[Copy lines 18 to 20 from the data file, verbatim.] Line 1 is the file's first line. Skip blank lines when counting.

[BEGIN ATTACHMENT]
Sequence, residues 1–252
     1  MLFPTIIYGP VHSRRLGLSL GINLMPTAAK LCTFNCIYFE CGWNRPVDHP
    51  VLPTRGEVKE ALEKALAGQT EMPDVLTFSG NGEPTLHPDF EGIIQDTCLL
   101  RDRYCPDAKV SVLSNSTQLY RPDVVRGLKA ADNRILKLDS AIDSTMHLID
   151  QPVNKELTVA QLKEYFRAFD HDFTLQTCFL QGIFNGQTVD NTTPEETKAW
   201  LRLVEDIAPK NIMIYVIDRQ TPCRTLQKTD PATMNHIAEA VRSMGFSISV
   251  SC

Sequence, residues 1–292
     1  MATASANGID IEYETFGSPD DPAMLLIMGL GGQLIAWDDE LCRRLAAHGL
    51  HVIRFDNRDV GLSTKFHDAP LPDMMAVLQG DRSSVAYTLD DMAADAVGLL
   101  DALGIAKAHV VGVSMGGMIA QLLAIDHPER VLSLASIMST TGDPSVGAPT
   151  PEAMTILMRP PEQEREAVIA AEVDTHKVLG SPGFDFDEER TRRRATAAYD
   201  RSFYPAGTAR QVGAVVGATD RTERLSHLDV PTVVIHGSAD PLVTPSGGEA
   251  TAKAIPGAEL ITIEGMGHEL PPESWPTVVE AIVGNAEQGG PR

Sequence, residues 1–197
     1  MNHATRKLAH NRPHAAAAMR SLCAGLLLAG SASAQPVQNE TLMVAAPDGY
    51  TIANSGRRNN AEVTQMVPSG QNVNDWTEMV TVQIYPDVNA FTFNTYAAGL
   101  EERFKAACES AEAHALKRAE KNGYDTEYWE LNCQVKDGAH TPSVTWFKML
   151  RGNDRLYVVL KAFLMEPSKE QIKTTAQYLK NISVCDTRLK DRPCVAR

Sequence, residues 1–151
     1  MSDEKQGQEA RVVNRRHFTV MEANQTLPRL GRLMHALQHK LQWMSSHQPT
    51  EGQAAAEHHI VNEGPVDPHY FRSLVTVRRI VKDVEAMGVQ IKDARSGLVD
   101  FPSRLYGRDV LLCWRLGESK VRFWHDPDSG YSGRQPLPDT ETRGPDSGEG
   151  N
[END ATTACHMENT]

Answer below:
   101  EERFKAACES AEAHALKRAE KNGYDTEYWE LNCQVKDGAH TPSVTWFKML
   151  RGNDRLYVVL KAFLMEPSKE QIKTTAQYLK NISVCDTRLK DRPCVAR

Sequence, residues 1–151